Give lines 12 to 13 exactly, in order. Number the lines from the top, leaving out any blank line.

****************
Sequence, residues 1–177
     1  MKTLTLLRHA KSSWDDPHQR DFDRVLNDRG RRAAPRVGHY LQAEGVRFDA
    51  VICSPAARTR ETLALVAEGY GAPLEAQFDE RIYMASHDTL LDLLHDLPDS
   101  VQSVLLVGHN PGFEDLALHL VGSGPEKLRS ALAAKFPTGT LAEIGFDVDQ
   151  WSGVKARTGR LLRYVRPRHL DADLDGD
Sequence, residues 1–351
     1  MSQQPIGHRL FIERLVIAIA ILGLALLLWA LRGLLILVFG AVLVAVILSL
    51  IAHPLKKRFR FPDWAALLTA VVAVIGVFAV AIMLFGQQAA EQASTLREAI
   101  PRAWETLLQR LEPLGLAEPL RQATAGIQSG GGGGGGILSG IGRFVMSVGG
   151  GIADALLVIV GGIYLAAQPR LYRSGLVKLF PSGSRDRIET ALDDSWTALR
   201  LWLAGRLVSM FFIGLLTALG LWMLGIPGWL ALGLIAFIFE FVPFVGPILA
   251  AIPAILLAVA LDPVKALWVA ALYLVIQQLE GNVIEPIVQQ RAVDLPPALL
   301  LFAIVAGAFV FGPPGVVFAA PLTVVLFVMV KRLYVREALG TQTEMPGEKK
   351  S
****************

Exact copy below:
   251  AIPAILLAVA LDPVKALWVA ALYLVIQQLE GNVIEPIVQQ RAVDLPPALL
   301  LFAIVAGAFV FGPPGVVFAA PLTVVLFVMV KRLYVREALG TQTEMPGEKK